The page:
Actually, I mean, I’ve only ever written one application startup – in the same way I’ve only ever written two make files, one for applications and one for libraries, I just keep changing the words… OK, that’s obviously a facetious statement, but it is true that almost all my .NET desktop applications have a very standard startup sequence just to make things a bit tidier: I include the following class in most applications;
internal class Program
public static void Main()
string name = new AssemblyName(Assembly.GetExecutingAssembly().FullName).Name;
using (var mutex = new Mutex(false, name, out mutexCreated))
MessageBox.Show("This app already running");
I create a mutex to be able to make sure only one copy of the application is running at a time – quite useful when debugging, in case I don’t notice that a copy is already running and grabbing some shared resource. The assembly name is a convenient vaguely unique name for me to use, but I do sometimes make use of an explicit name, for example, when I have multiple co-operating processes, and I want one to be able to check if another is running. (I use this in Project Colletta for application add-ins to check if the main executable is running, to avoid messaging timeouts and errors.)
Unless you’re a programming demigod, the first few versions of your application probably crash every so often. And this typically results in that dialog box asking you if you want to report errors to Microsoft, which is fairly pointless for a self-developed application, certainly in its early days. Since Windows Vista, a couple of functions have been available to mark (and unmark) applications as being excluded from this automatic error reporting – see the WerAddExcludedApplication documentation for details. I tend to mark my applications in this way, if nothing else, to remove the delay before I can dismiss the crash dialog and close the faulting application. For tidiness, though I don’t think it’s necessary, I get rid of the entry in the exclusion list when my app exits (ideally this should be later than shown here, but this suffices). The following is a simple wrapper on this native mechanism:
private static void WerExclusion(bool add)
var exe = Assembly.GetExecutingAssembly().Location;
int hr = add ? Win32.WerAddExcludedApplication(exe, false) :
Debug.Assert(hr == 0);
Debug.WriteLine("WER functions not available");
internal static extern int WerAddExcludedApplication(string exeName, [MarshalAs(UnmanagedType.Bool)] bool allUsers);
internal static extern int WerRemoveExcludedApplication(string exeName, [MarshalAs(UnmanagedType.Bool)] bool allUsers);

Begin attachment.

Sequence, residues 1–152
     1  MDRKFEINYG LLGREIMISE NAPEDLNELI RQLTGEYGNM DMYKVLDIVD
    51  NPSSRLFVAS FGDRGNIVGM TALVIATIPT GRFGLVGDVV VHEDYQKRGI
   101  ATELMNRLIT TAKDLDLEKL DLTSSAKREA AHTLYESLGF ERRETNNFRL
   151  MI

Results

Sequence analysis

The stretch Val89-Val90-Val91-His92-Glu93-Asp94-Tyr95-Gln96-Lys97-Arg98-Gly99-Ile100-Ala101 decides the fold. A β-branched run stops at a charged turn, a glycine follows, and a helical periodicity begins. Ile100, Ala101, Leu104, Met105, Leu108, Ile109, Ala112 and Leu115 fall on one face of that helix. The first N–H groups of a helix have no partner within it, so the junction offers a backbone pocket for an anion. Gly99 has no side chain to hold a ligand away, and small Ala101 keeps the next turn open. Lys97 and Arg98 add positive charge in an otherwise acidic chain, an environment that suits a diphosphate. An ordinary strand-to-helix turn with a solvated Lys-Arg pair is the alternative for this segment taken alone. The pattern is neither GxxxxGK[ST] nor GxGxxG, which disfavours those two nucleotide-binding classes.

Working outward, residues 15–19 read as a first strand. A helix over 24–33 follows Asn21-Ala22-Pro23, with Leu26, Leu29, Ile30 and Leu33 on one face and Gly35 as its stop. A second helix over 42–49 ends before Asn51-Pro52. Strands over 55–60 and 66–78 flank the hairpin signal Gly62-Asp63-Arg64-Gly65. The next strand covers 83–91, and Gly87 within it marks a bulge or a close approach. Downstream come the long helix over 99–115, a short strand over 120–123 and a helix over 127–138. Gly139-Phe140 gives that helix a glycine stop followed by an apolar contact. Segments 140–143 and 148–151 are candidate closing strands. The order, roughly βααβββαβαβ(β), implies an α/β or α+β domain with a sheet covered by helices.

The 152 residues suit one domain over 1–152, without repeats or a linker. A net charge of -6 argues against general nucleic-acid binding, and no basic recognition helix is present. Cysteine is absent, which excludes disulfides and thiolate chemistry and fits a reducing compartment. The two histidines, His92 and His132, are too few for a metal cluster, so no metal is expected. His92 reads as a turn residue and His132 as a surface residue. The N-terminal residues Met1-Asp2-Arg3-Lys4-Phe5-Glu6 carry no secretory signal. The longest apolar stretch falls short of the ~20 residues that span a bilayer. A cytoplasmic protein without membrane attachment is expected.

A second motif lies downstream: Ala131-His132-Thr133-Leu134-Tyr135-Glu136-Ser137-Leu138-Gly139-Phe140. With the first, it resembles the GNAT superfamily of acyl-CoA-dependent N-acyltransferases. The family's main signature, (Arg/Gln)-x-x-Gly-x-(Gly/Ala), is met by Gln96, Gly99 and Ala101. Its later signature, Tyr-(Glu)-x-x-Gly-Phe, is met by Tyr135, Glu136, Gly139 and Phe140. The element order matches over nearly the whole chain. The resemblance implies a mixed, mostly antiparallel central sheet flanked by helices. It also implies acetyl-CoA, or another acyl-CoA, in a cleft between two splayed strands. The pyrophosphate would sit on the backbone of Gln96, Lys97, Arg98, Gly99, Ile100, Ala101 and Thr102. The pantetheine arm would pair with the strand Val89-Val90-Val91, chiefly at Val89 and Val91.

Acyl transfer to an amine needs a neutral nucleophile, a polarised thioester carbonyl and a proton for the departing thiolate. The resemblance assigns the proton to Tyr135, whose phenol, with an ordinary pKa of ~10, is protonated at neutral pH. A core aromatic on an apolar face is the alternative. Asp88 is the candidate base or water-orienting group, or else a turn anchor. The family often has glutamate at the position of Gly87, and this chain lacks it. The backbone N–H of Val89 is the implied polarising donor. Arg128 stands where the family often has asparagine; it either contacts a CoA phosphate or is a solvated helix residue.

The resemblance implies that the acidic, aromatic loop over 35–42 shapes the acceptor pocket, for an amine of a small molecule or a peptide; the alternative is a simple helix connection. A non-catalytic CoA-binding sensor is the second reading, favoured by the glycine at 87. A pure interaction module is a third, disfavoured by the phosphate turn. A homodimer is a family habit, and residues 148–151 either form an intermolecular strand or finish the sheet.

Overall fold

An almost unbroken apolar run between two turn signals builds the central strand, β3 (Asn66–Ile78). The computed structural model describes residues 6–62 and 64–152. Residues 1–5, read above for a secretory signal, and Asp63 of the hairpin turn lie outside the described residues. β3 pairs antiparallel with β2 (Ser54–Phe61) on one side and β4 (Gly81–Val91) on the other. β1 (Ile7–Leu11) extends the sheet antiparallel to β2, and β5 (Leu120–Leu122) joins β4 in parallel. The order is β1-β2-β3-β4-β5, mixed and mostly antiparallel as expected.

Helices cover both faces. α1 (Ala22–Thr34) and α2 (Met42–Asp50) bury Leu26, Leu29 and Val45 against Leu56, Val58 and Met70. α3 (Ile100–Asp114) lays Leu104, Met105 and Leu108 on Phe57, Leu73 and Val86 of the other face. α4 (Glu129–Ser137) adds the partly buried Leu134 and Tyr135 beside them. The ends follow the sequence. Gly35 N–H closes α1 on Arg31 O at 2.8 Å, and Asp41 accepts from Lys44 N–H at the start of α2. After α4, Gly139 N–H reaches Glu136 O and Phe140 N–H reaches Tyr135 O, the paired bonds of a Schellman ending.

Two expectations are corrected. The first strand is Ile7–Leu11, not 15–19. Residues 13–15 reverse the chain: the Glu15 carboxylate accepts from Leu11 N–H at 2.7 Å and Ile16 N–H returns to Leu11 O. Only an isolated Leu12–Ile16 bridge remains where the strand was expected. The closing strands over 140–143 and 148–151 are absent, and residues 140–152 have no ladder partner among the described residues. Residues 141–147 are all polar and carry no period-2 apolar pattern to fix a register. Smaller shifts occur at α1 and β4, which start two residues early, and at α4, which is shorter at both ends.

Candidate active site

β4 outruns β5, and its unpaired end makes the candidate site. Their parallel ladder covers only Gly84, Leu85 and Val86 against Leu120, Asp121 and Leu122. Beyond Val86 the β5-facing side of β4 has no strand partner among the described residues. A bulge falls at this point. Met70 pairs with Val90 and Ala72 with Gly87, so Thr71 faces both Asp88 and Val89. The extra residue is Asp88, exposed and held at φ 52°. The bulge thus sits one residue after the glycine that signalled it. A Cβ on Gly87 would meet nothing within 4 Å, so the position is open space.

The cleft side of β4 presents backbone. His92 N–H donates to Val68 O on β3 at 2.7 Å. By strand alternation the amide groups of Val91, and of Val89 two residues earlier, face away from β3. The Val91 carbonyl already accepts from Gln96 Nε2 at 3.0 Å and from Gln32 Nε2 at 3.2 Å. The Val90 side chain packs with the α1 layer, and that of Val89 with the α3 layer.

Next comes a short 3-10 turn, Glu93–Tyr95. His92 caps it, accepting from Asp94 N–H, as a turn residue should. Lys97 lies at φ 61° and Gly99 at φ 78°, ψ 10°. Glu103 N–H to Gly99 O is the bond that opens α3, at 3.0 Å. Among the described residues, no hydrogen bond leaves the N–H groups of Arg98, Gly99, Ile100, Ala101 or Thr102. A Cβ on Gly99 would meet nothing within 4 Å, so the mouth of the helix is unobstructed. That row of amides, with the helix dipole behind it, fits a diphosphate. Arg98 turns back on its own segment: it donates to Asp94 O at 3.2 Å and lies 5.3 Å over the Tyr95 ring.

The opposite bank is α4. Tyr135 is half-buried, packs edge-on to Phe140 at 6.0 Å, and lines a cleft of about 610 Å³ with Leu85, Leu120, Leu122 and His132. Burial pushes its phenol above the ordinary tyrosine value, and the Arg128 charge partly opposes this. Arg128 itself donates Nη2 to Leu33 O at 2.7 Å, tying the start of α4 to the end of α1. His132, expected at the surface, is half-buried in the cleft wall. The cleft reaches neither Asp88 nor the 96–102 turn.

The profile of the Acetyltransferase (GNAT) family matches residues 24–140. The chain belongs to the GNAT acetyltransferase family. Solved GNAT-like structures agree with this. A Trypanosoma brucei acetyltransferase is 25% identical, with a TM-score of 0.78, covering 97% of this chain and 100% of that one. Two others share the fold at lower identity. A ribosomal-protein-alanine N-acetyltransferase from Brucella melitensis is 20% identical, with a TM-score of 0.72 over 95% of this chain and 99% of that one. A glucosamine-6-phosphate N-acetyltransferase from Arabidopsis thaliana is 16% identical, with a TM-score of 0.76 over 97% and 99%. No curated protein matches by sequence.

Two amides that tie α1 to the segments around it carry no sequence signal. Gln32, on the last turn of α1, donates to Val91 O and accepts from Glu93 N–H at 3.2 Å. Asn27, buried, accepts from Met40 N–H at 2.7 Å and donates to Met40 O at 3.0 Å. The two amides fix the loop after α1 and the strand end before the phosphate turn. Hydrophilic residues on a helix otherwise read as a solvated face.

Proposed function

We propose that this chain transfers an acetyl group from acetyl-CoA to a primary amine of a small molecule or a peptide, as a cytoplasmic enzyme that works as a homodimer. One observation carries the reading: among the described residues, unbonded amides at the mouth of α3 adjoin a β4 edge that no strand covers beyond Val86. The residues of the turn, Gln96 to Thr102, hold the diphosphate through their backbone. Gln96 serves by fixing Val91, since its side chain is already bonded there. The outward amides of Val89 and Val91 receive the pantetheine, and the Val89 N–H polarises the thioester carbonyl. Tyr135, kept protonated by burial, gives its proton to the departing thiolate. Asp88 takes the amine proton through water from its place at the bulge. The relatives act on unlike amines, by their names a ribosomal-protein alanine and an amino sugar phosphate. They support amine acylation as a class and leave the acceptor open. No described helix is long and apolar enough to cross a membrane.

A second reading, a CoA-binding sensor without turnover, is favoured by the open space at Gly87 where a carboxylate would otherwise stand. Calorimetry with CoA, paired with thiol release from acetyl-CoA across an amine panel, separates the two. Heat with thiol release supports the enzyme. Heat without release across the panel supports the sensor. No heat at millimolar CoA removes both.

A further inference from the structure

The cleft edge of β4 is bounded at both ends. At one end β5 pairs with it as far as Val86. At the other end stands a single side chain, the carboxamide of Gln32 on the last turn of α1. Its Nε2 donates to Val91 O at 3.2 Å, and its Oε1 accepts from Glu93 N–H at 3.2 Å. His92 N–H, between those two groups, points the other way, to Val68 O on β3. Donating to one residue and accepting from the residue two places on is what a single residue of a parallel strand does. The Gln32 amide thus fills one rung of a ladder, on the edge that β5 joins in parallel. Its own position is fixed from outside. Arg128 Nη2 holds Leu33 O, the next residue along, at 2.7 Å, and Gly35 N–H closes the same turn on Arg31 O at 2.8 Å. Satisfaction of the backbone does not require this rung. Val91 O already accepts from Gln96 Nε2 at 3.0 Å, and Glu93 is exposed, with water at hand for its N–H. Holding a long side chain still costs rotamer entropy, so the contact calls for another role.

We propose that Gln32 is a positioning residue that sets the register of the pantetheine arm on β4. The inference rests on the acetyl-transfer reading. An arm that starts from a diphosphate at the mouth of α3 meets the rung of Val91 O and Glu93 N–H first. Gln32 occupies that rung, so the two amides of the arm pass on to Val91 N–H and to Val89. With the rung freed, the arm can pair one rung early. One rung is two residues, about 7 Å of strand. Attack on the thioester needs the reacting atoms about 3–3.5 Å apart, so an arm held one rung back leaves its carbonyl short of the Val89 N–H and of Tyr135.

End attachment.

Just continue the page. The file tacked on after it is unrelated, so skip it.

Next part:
(Yes, I know, I’m being far too sloppy in terms of error handling here – my feeble excuse is that this is a mere nice-to-have and not essential.)
Of course, an alternative to the Windows error report exclusion list manipulations would be to implement an unhandled exception handler (AppDomain.UnhandledException) but I tend not to do that for a couple of reasons: first, it needs to be done for each application domain and I often forget; second, it interferes (though only slightly) with debugging, in that by default Visual Studio traps unhandled exceptions itself, unless there’s an handler for them (an easy default to change via the exception settings page). I’m in two minds about whether “proper” production applications should have unhandled exception handlers – yes, it’s rather unprofessional to show your end users a crash dialog box, but then so is crashing in the first place… Besides, there’s not really a huge amount such a handler can do apart from perhaps log some small amount of data and then exit the application.
Finally, deep within my Program.Main is a call to App.Main. In Windows Forms applications, the Visual Studio Wizard provides a Program class with a Main method, and I add my extras to that, around the call to Application.Run. In WPF applications, the normal entry point is App.Main, which is autogenerated by the build process. An executable can have as many Main methods as you want, but you do need to tell Windows which one is the real entry point – and that’s pretty easy to do via the Application page of the project options – the Startup object dropdown lists all available entry points and I make sure I pick mine. App.Main can, of course, just be called like any other function too.
And that’s it, my one and only application startup. Well, for desktop .NET applications anyway.